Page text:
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Lean Body Mass Associated with Upper Body Strength in Healthy Older Adults While Higher Body Fat Limits Lower Extremity Performance and Endurance

1
School of Medicine and Statistical Consulting Centre, University of Wollongong, New South Wales 2522, Australia
2
Statistical Consulting Services, National Institute of Applied Statistics Research Australia, University of Wollongong, Wollongong, New South Wales 2522, Australia
3
School of Exercise and Health Sciences, Edith Cowan University, Joondalup WA 6027, Australia
*
Author to whom correspondence should be addressed.
Nutrients 2015, 7(9), 7126-7142; https://doi.org/10.3390/nu7095327
Received: 10 June 2015 / Revised: 10 August 2015 / Accepted: 20 August 2015 / Published: 26 August 2015
Impaired strength adversely influences an older person’s ability to perform activities of daily living. A cross-sectional study of 117 independently living men and women (age = 73.4 ± 9.4 year; body mass index (BMI) = 27.6 ± 4.8 kg/m2) aimed to assess the association between body composition and: (1) upper body strength (handgrip strength, HGS); (2) lower extremity performance (timed up and go (TUG) and sit to stand test (STS)); and (3) endurance (6-minute walk (SMWT). Body composition (% fat; lean body mass (LBM)) was assessed using bioelectrical impedance. Habitual physical activity was measured using the Minnesota Leisure Time Physical Activity Questionnaire (MLTPA) and dietary macronutrient intake, assessed using 24 h recalls and 3-day food records. Regression analyses included the covariates, protein intake (g/kg), MLTPA, age and sex. For natural logarithm (Ln) of right HGS, LBM (p < 0.001) and % body fat (p < 0.005) were significant (r2 = 46.5%; p < 0.000). For left LnHGS, LBM (p < 0.000), age (p = 0.036), protein intake (p = 0.015) and LnMLTPA (p = 0.015) were significant (r2 = 0.535; p < 0.000). For SMW, % body fat, age and LnMLTPA were significant (r2 = 0.346; p < 0.000). For STS, % body fat and age were significant (r2 = 0.251; p < 0.000). LBM is a strong predictor of upper body strength while higher % body fat and lower physical activity are associated with poorer outcomes on tests of lower extremity performance. View Full-Text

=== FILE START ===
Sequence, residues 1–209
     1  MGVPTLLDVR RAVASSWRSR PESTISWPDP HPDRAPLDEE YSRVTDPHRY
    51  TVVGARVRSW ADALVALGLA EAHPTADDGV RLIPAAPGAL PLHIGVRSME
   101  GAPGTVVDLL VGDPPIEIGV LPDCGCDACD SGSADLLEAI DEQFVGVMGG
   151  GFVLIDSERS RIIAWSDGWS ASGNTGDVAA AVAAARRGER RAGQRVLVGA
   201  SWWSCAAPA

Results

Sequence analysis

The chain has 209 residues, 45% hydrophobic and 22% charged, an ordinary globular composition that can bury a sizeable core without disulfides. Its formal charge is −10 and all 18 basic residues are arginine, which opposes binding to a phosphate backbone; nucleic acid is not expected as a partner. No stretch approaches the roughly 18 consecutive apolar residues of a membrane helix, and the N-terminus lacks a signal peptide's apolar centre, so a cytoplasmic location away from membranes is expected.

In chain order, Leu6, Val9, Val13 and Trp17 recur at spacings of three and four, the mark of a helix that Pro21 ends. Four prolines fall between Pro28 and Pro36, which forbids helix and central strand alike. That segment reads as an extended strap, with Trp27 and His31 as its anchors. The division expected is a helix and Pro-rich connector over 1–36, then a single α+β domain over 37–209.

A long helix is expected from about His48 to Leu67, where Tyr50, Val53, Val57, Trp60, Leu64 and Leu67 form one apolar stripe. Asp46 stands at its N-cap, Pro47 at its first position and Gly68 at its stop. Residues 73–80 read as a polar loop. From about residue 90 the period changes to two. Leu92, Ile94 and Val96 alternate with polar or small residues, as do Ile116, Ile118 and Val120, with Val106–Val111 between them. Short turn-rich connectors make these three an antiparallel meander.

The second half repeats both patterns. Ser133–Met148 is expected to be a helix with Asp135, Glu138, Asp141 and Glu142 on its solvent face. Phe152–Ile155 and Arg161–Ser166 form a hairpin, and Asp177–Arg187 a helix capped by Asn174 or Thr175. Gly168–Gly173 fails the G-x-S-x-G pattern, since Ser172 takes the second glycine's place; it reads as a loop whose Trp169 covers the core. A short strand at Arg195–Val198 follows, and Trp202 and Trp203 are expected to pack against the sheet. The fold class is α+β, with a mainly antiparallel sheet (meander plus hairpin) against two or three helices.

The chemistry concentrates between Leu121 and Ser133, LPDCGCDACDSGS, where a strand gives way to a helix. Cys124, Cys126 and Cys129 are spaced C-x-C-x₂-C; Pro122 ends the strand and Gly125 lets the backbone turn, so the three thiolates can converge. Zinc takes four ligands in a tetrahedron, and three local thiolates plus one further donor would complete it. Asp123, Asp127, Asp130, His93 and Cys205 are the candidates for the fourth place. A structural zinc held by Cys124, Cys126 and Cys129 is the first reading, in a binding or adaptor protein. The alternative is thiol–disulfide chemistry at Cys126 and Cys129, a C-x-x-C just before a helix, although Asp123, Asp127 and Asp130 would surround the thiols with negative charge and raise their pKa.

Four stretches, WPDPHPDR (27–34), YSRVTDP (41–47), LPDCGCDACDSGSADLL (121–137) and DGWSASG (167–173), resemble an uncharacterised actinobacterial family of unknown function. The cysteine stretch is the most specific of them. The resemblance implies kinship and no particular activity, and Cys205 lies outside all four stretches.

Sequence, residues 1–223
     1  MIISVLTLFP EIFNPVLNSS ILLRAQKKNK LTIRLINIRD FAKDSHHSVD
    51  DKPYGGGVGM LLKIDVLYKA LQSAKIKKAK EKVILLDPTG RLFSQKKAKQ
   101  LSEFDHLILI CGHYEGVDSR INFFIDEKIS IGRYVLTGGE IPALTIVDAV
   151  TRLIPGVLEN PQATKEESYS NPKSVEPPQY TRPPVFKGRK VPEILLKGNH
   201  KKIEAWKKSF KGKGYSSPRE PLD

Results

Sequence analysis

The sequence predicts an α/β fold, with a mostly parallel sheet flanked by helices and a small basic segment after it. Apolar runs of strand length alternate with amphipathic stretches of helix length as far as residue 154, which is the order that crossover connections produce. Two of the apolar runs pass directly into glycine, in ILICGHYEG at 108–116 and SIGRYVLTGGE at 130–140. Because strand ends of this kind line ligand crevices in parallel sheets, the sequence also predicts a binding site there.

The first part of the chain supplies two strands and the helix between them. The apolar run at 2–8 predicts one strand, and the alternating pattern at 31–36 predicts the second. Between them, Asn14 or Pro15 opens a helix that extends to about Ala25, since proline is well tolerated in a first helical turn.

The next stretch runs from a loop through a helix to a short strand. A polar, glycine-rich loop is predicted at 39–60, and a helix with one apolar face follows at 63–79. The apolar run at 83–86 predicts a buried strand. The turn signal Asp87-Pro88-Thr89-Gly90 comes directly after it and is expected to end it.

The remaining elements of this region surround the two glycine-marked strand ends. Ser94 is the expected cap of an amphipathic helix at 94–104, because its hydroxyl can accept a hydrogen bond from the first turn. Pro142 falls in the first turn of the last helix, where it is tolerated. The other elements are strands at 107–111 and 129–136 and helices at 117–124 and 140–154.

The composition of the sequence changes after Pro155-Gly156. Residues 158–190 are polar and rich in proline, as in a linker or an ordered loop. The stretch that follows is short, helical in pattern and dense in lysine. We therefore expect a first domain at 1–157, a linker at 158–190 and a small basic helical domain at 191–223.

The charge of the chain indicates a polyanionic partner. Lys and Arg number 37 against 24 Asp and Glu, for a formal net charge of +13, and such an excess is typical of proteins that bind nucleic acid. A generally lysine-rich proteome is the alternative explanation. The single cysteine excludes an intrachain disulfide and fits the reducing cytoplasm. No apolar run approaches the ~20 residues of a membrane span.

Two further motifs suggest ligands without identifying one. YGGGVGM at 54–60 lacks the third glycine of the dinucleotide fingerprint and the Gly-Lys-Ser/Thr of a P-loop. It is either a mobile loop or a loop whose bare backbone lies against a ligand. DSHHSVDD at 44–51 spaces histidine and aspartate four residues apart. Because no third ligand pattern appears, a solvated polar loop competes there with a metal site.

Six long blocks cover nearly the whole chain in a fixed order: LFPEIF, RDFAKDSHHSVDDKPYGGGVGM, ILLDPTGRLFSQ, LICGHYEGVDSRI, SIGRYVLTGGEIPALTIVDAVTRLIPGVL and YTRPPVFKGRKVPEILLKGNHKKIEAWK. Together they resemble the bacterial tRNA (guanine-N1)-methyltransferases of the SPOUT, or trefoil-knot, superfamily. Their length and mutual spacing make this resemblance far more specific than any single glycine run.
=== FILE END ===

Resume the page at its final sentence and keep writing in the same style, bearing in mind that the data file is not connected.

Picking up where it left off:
Keywords: older people; body composition; physical function; upper body strength; lean body mass; protein older people; body composition; physical function; upper body strength; lean body mass; protein
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MDPI and ACS Style

Charlton, K.; Batterham, M.; Langford, K.; Lateo, J.; Brock, E.; Walton, K.; Lyons-Wall, P.; Eisenhauer, K.; Green, N.; McLean, C. Lean Body Mass Associated with Upper Body Strength in Healthy Older Adults While Higher Body Fat Limits Lower Extremity Performance and Endurance. Nutrients 2015, 7, 7126-7142. https://doi.org/10.3390/nu7095327

AMA Style

Charlton K, Batterham M, Langford K, Lateo J, Brock E, Walton K, Lyons-Wall P, Eisenhauer K, Green N, McLean C. Lean Body Mass Associated with Upper Body Strength in Healthy Older Adults While Higher Body Fat Limits Lower Extremity Performance and Endurance. Nutrients. 2015; 7(9):7126-7142. https://doi.org/10.3390/nu7095327

Chicago/Turabian Style

Charlton, Karen; Batterham, Marijka; Langford, Kelly; Lateo, Jenna; Brock, Erin; Walton, Karen; Lyons-Wall, Philippa; Eisenhauer, Katie; Green, Nick; McLean, Cameron. 2015. "Lean Body Mass Associated with Upper Body Strength in Healthy Older Adults While Higher Body Fat Limits Lower Extremity Performance and Endurance" Nutrients 7, no. 9: 7126-7142. https://doi.org/10.3390/nu7095327

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